Teri
 
R

Rolf Vonk

Guest
Hi there!

Paul, I told you to leave Great Uncle Albert alone!
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This sounds slimy, but you’re really great! I love the way you always keep the excitement in discussions! It’s good that you don’t turn around the main points, but just discuss about it. I don’t like it when we loose the path, so I like to come straight to the point immediately. Diane, Teri, Christine and you above stated that nobody is right and nobody is wrong with this kind of discussions. Well, I do partly agree, but this doesn’t mean that we may not try to convince each other about certain thoughts. That’s what discussions are about, isn’t it?! With this in mind I do believe that this board is not only a place to put thoughts on, but also to discuss and therefore I would say go on with this thread or not. We know each other and the respect doesn’t change with such decisions.

Paul, you said I was making a connection between exhumation and salvage/commercial exploitation. I saw you putted a nice sentence from my debate!
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Well, actually you are taking the sentence out of the context. I was not just stating that there’s a link between exhumation and salvage/commercial exploitation, but I was saying that exhumation of Titanic graves is an emotional subject just as everything connected to Titanic. Titanic is a graveyard too and I see salvage as the disturbing of graves too. I’m sorry if I didn’t make that clear enough in the post.

----Regarding your second point, I have no idea what the four survivors think of this matter, so saying that it's a "slam in their faces" is a bit of an assumption on your part. They might even be in favour of the attempted identification. ----

When I talk about “slam in the faces of survivors” I’m not just referring to the exhumation of bodies, but the time after time that new commotion around the whole disaster comes above again. I can imagine that it is quit emotional for them to be reminded at the disaster. However I understand it is not up to me to tell what they think or not as I, indeed, don’t know.

----I don't see the difference. Firstly, as we don't know who's involved, we have no idea as to how closely related the "families" might be to the victims. In any event, who's going to draw the line? Are you saying that if the victims were known to the families, then exhumation would be okay; but as they weren't (assumption) then exhumation is disrespectful? If so, I don't follow your argument.----

Hmmm, I actually do agree with you about that. I indeed don’t know how related the families.

----Some might say that it shows far more respect to attempt to identify a lost family member and, if possible, bring their remains to join the rest of the family's dead. ----

Why just don’t show your respect for the disaster and let the victims rest in their graves on a (almost international) memory-place where they have been for more than 80 years allready. It’s like digging up the American and British soldiers from the war-gravesides here in the Netherlands after 50 years, cause their families want them to join the family’s dead. These boys died with their fellows and got the honour and respect to be buried together as a never-ending remembrance to their duties and fate. Titanic victims died together with their ‘fellow-victims’ too and I think they deserve the same respect and honour.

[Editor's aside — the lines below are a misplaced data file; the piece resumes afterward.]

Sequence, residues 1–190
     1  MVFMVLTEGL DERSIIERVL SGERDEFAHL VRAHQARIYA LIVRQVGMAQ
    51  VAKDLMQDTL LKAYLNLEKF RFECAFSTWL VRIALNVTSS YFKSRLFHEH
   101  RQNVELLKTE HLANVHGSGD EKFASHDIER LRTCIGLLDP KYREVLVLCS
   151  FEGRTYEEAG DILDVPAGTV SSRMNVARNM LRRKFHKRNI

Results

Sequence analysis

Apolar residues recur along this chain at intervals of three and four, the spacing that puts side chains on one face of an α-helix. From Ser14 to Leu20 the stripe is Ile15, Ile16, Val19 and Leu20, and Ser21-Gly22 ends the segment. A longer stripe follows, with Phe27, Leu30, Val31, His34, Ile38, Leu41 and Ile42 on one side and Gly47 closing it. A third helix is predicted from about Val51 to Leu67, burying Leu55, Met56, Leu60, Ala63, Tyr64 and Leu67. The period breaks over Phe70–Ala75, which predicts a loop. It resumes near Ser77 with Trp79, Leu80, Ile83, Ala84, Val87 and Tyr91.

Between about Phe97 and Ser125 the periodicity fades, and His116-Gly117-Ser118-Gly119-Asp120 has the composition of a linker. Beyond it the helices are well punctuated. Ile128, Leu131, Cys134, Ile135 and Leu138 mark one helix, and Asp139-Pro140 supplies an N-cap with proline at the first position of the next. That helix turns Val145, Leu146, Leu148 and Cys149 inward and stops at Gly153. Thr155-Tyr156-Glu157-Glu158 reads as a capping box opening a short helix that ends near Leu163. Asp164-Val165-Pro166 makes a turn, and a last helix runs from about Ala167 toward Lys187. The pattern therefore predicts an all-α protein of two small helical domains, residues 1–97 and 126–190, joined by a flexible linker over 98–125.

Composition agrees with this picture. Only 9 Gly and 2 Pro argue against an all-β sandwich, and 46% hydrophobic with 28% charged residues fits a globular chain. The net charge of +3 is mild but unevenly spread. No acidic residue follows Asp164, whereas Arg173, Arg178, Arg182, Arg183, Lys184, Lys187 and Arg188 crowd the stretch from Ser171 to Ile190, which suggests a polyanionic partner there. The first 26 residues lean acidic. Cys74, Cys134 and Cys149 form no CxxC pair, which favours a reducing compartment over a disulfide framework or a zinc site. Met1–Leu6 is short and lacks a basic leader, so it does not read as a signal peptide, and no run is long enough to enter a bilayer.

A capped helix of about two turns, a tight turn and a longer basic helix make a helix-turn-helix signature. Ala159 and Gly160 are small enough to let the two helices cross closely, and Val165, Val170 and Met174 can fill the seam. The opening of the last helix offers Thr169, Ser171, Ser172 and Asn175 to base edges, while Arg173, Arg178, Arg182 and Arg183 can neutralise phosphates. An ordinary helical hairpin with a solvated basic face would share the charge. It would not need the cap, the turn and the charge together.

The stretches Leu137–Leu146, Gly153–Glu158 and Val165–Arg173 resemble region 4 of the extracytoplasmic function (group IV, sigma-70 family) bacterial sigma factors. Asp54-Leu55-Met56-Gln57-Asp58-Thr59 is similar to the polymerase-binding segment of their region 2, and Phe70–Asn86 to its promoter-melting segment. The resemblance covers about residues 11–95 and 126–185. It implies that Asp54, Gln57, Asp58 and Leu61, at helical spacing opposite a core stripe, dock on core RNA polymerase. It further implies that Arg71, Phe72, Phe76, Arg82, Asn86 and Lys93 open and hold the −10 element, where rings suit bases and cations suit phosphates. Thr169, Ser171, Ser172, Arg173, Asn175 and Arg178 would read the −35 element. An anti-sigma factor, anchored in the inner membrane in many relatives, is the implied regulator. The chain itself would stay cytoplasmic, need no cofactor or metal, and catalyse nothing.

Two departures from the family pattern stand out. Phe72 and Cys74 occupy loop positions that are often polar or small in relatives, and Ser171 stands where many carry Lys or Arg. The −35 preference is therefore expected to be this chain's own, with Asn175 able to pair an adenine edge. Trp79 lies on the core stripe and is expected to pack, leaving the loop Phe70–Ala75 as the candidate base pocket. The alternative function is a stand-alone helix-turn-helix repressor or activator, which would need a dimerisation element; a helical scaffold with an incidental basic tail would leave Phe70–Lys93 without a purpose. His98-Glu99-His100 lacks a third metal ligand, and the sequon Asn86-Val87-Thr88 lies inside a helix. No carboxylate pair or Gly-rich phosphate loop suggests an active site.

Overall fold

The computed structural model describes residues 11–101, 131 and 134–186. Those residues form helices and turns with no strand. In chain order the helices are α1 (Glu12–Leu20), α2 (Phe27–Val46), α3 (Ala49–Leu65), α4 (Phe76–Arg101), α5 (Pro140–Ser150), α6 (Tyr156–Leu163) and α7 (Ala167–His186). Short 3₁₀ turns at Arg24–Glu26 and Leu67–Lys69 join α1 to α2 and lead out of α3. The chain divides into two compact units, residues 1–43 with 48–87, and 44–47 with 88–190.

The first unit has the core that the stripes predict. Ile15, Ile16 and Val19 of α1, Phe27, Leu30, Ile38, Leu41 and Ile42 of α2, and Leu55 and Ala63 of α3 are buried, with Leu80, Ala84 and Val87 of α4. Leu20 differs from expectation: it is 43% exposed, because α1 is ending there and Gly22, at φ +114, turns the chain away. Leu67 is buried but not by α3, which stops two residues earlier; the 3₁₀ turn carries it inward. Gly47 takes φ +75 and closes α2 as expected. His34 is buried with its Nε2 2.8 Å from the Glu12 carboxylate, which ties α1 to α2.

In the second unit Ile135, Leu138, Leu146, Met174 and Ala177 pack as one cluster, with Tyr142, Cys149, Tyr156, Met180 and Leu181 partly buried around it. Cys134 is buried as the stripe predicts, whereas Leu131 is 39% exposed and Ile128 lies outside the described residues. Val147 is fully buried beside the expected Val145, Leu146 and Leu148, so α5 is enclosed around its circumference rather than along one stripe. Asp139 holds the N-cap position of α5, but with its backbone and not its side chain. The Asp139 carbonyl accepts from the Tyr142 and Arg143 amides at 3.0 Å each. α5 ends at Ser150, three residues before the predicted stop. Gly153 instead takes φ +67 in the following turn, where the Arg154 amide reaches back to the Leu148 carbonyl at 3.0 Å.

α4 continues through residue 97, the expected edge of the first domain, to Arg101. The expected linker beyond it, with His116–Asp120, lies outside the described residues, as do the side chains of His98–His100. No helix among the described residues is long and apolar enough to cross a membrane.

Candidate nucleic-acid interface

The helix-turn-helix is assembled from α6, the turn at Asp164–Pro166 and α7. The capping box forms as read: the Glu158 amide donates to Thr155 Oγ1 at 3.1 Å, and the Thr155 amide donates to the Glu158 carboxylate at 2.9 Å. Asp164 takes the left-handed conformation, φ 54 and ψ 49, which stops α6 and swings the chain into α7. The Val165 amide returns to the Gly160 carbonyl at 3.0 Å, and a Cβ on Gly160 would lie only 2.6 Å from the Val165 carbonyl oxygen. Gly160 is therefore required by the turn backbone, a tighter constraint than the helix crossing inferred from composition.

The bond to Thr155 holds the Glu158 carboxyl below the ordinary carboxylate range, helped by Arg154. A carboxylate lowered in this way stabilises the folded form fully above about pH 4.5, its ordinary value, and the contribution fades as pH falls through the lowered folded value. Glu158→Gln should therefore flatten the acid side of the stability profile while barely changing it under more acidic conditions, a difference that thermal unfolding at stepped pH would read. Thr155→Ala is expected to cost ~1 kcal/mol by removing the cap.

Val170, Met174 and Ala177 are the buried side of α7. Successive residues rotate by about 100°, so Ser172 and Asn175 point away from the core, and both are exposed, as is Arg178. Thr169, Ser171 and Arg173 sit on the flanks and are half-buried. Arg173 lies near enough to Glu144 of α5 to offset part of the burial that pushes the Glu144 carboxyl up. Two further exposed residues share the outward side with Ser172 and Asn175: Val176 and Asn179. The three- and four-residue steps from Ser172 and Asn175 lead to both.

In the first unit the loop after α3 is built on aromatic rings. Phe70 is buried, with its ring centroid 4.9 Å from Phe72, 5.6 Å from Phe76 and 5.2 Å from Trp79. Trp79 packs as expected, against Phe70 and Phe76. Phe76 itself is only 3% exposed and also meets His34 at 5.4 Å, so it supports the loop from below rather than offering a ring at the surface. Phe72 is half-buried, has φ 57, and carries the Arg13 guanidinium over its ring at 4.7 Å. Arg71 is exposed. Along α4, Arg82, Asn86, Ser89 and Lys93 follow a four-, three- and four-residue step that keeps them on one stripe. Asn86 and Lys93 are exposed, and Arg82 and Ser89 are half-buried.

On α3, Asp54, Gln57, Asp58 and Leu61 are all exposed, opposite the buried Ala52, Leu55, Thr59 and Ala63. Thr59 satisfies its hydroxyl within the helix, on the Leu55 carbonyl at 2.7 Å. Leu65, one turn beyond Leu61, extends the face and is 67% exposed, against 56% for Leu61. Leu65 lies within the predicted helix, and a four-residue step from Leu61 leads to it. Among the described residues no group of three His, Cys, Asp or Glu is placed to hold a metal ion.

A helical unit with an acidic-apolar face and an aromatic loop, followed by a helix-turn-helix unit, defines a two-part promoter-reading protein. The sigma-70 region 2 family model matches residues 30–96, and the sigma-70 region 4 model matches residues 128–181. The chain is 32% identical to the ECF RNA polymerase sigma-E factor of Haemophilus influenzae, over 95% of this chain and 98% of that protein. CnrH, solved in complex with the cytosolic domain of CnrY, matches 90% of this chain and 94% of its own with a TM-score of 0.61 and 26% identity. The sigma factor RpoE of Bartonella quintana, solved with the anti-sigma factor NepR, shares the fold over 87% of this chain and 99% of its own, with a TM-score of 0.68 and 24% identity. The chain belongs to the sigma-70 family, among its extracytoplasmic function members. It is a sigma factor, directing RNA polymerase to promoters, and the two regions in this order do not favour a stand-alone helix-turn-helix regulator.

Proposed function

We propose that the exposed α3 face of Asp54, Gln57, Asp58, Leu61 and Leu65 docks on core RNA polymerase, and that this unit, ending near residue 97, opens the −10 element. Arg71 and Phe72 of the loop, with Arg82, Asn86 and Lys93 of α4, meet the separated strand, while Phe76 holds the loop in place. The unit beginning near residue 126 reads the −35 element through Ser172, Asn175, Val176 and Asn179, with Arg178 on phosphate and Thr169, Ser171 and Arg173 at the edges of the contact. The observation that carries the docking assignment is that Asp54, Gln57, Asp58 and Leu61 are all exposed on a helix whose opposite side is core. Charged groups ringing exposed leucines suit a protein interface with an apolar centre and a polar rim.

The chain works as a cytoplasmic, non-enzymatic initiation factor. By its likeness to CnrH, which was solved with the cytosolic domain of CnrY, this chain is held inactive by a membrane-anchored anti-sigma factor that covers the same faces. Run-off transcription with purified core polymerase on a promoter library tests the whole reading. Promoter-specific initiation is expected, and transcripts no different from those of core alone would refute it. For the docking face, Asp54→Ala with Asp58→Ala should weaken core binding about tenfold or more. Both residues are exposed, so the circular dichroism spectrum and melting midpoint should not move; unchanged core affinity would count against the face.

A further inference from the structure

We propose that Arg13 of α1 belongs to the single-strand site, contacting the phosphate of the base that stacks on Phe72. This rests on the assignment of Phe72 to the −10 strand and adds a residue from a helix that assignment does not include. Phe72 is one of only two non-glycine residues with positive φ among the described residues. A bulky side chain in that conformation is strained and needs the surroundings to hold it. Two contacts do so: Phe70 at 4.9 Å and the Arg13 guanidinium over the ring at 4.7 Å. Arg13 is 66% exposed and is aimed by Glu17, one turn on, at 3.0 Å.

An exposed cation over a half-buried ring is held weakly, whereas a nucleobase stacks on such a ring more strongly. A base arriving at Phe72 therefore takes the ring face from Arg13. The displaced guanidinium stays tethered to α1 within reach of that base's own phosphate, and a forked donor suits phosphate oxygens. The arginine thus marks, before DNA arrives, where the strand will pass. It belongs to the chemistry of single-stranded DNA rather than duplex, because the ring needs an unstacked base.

----There are only another 40 unidentified victims left, (as opposed to hundreds), but I think that's a moot point. ----

I would consider all the unidentified people buried on sea as unidentified.

Paul (and other too!) feel free, as always J, to attack my statement.

Many regards,
Rolf.
 
C

Christine Geyer

Guest
*She put her white cloth down for a moment, asked the sixth officer for understanding, and based herself protecting in front of Rollie*

Discuss but not attack ! None of you ! Be british! ... eh.. dutch !? ... Whatever....

*looking dramatically in all directions and returning to the buttons*

Christine
 
Dec 2, 2000
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Hi Teri, in regards Geoff's post, you can bet your last penny he means what he says. I've never known the gent to put something like that out for all to see unless he had solid information to back it up.

Objectively speaking, exhumations are a very sensitive matter. With family sensibilities and concerns involved, I don't see how it could be done without their involvement. As I said befor, such things need extremely strong justification, and mere curiosity is not going to be enough to satisfy whatever judge or other official has jurisdiction.

Do I like this situation? Well, no, not really. I would hope the dead would be allowed to rest in peace. Lord knows the paid dearly for it. But in this case, I have to conceed that it's just not my place to judge.

Cordially,
Michael H. Standart
 

Paul Rogers

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Hi Teri,

Thanks for clarifying that point for me. I must admit, originally I hadn't taken that meaning from Geoff's post - but it does indeed read as you say.

I am however now confused. (It's never difficult to confuse Paul, I hear you all say!) I was under the assumption that the whole exhumation thing was instigated by the families; but it now seems that the Coroner's Court was involved at the outset. So, I echo your question: How did all this get started, and why? Can anybody out there enlighten me please?

Hi there Rolf!

I am blushing after reading your comments! Thanks for your kind words.

Paul, you said I was making a connection between exhumation and salvage/commercial exploitation. I saw you putted a nice sentence from my debate! Well, actually you are taking the sentence out of the context.